When you're editing recommendations, you'll see two check boxes next to every item: "This was a gift" and "Don't use for recommendations." Either one will tell Amazon not to factor that purchase into future recommendations.

2. Facebook

Ever wonder how Facebook guesses the most important parts of your life? The company bases this on which contacts you interact with most. But Facebook sometimes gets it wrong, and you miss important posts. That's why Facebook added a "See First" option.

Go to a friend's profile page and look for the button that says "Following" (on Facebook Pages, like my Kim Komando Show page, it will say "Liked"). Click the button and select "See First." Whenever this person posts something, it will go right to the top of your feed so you don't miss it.

But let’s say your feed is overloaded with posts you don’t care about. Click here for steps to weed them out and take control of your account.

3. Google

Google is the great digital vault of information, so you’re probably aware that it keeps tabs on almost everywhere you go on the internet. This monitoring influences your search results and display ads. If you're signed in to your Google account, Google adjusts what you see based on what you've seen in the past.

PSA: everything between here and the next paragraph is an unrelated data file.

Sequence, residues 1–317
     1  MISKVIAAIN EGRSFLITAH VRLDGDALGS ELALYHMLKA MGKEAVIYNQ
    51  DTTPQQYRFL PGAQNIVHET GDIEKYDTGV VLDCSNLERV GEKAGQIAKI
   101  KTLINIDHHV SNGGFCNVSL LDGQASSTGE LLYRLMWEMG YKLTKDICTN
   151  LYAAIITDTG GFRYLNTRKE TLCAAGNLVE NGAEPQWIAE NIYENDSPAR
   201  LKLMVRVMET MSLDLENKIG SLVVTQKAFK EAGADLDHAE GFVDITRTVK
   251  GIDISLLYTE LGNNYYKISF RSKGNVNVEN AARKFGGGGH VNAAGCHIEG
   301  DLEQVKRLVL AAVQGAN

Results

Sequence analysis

This practice can be helpful sometimes, or it can keep you from finding new sites and information. If you want to get the upper hand, click here to edit what Google thinks you are interested in seeing.

If Google doesn't remember what you've searched for, it can't use it to predict what you want to see. Click here to edit your Google search history or wipe it completely.

Another option, if you ever want to see how Google is altering your search results, or if you just want to get away from it for a search or two, is to open a private browser window and run the search there. It's the same as logging out of your Google account, but you don't have to go through the trouble of logging back in.